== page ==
The Lead, AchieveForum’s weekly brief of leadership news and insights, provides quick clarity into relevant headlines and straight-forward analysis for applying effective leadership tools and techniques.
NASA literally reinvented the wheel for future Mars missions, but the technology they developed could also transform earth tires. The NASA Glenn Research Center created a new tire made of shape memory alloy based on nickel-titanium, and this “Superelastic tire” will return to its original shape no matter how many rocks it rolls over.
Our View: Businesses can learn a lot from the way scientists collaborate to invent (or reinvent) something new. Like teams at NASA, the Large Hadron Collider (LHC) at CERN is an example of scientific complex collaboration. (The LHC has thousands of scientists and engineers affiliated with 178 research institutions across 38 countries working on unlocking the fundamental secrets of matter.) Exceptional innovations often stem from complex collaborations that span across functions, companies, geographies, and technologies, and present complex leadership challenges, including letting go of position power and decision-making authority in the service of diversity of thought, experimentation, and learning required for true innovation. Further Reading
The home-shopping channel QVC (which stands for Quality, Value, and Convenience) features 770 products each week on the air in the U.S., and the average shopper spends more than $1,200 a year on its products. About half of QVC sales already occur online, and two-thirds of those sales are from mobile devices. The online giant Amazon is a growing competitor in everything from food delivery to travel and online payments, and they have created an online show, “Style Code Live” to directly compete with QVC. QVC believes they will remain competitive with Amazon because of their arguably unique ability to make shopping joyful and inspirational.
Our View: Companies need to pay close attention to those entering their space in order to reestablish or reimagine their brand value to remain competitive. The best leaders use competition to strengthen their company’s brand and market position. They evaluate their competition regularly and define how they create value. Further Reading
A $60 fork is available on Amazon, and it’s embedded with smart technology that connects via Bluetooth to your smart phone in order to track your food intake. Designed to help the users of the fork have better eating habits, the fork vibrates and lights up if the user eats too quickly. Eating too quickly can lead to eating more food, so this fork could be considered a weight-loss tool, but just like any smart technology that requires a password, it creates another window for hackers to steal data.
Our View: Smart technology and technology in general has the power to influence individuals’ and organizations’ behavior. “Some technological change is primarily amplifying, making it possible for people to do what they have done before, but more accurately, quickly or cheaply. In other cases, technology is truly transformative: It leads to qualitative change in how people think about the world, in their social roles and institutions, in the ways they work, and in the political and economic challenges they face,” explained Adam N. Joinson and Lukasz Piwek of the Behavioral Research Lab at the University of the West of England. Leaders must grapple with how technology changes the behavior of their employees, customers, and other stakeholders. In order to initiate desired behavioral change from technology, the first step leaders must take is to identify possible behavior changes and their correlations to the respective technology. Further Reading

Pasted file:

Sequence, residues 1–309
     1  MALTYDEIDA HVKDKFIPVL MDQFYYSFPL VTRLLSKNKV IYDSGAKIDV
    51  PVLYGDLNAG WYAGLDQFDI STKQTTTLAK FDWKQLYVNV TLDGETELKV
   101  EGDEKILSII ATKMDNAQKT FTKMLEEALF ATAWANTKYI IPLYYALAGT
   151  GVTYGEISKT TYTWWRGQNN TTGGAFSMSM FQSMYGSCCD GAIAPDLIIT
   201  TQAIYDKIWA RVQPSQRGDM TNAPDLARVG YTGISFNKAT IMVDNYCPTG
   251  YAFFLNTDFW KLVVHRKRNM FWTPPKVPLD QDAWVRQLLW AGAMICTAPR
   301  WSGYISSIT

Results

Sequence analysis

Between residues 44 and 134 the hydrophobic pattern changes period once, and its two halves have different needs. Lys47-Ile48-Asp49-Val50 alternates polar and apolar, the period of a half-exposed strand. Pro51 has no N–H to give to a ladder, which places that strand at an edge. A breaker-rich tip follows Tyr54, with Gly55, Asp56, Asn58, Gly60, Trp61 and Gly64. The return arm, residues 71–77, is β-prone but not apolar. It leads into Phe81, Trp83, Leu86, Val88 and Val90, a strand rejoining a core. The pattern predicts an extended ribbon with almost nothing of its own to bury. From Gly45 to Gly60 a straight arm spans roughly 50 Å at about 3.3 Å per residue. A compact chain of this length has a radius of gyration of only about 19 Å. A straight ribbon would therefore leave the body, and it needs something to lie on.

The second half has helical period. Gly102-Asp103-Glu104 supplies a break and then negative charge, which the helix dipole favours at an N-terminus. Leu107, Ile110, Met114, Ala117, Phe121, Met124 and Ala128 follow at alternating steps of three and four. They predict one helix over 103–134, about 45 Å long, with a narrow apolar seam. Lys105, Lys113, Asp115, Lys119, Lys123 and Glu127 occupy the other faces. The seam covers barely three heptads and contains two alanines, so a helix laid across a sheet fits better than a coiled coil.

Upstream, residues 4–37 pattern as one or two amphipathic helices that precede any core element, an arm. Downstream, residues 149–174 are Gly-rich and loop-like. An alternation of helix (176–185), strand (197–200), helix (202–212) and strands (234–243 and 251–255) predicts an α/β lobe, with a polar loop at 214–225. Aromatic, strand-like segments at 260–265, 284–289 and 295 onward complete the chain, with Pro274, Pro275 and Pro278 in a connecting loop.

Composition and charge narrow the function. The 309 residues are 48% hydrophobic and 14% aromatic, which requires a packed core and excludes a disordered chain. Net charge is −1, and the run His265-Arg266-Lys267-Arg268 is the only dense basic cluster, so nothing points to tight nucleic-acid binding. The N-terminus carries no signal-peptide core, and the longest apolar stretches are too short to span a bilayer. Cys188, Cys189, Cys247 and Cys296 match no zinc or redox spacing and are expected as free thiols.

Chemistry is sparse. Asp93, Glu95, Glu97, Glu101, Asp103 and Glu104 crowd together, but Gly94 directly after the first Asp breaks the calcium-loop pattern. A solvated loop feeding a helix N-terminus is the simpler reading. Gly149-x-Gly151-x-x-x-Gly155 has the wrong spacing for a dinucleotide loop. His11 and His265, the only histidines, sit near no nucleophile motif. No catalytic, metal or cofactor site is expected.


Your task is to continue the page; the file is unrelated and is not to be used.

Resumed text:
Nintendo was founded to make handmade hanafuda cards, a type of Japanese playing cards, and they have continuously reinvented themselves to become a consumer electronics company and one of the world’s largest video game companies. Nintendo has always reinvented from a verb-based standpoint. Pacman’s verb is “eat,” Pokemon’s verb is “trade,” Mario’s verb is “jump,” and Breath Of The Wild’s verb is “to explore.” Nintendo’s new initiative, LABO, is a series of cardboard peripherals that the end user builds that simulate new ways of playing. LABO is based on multiple verbs: “make,” “imagine,” “move,” and “customize.”
Our View: While resisting change is human nature and can include everything from denial to frustration, change is inevitable both inside and outside your organization. Adapting to and benefiting from change begins with the willingness to accept change and respond quickly. Record what has worked in the past, but plan for the unexpected by outlining clear goals and expectations while experimenting with different ways to achieve them. Further Reading
SpaceX’s CEO Elon Musk has several plans for this year after successfully launching the most powerful rocket, its first Falcon Heavy Booster, on February, 6th 2018. “Falcon Heavy opens up a new class of payload,” Musk said after Tuesday’s launch. “It can launch twice as much payload as any other rocket in the world … It can launch things right to Pluto and beyond, no stop needed.”
Our View: Large scale projects are increasingly requiring large, virtual, diverse, and highly educated teams, but these same four characteristics also make it hard for teams to get anything done. This paradox can be tempered best by making long-term investments in building relationships and developing a culture where leaders not only embrace but also demonstrate true collaboration. Further Reading